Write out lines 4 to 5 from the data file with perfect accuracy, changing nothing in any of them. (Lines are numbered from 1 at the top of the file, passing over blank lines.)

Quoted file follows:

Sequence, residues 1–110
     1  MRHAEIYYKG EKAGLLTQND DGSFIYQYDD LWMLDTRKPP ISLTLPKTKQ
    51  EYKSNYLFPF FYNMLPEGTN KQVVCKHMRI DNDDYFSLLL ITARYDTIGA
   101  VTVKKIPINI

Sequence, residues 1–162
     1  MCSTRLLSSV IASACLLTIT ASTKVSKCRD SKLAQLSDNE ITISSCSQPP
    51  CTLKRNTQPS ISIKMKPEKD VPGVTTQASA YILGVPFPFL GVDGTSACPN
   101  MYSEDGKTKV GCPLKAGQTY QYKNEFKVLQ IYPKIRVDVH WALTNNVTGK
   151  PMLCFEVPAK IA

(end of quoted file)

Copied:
   101  VTVKKIPINI

Sequence, residues 1–162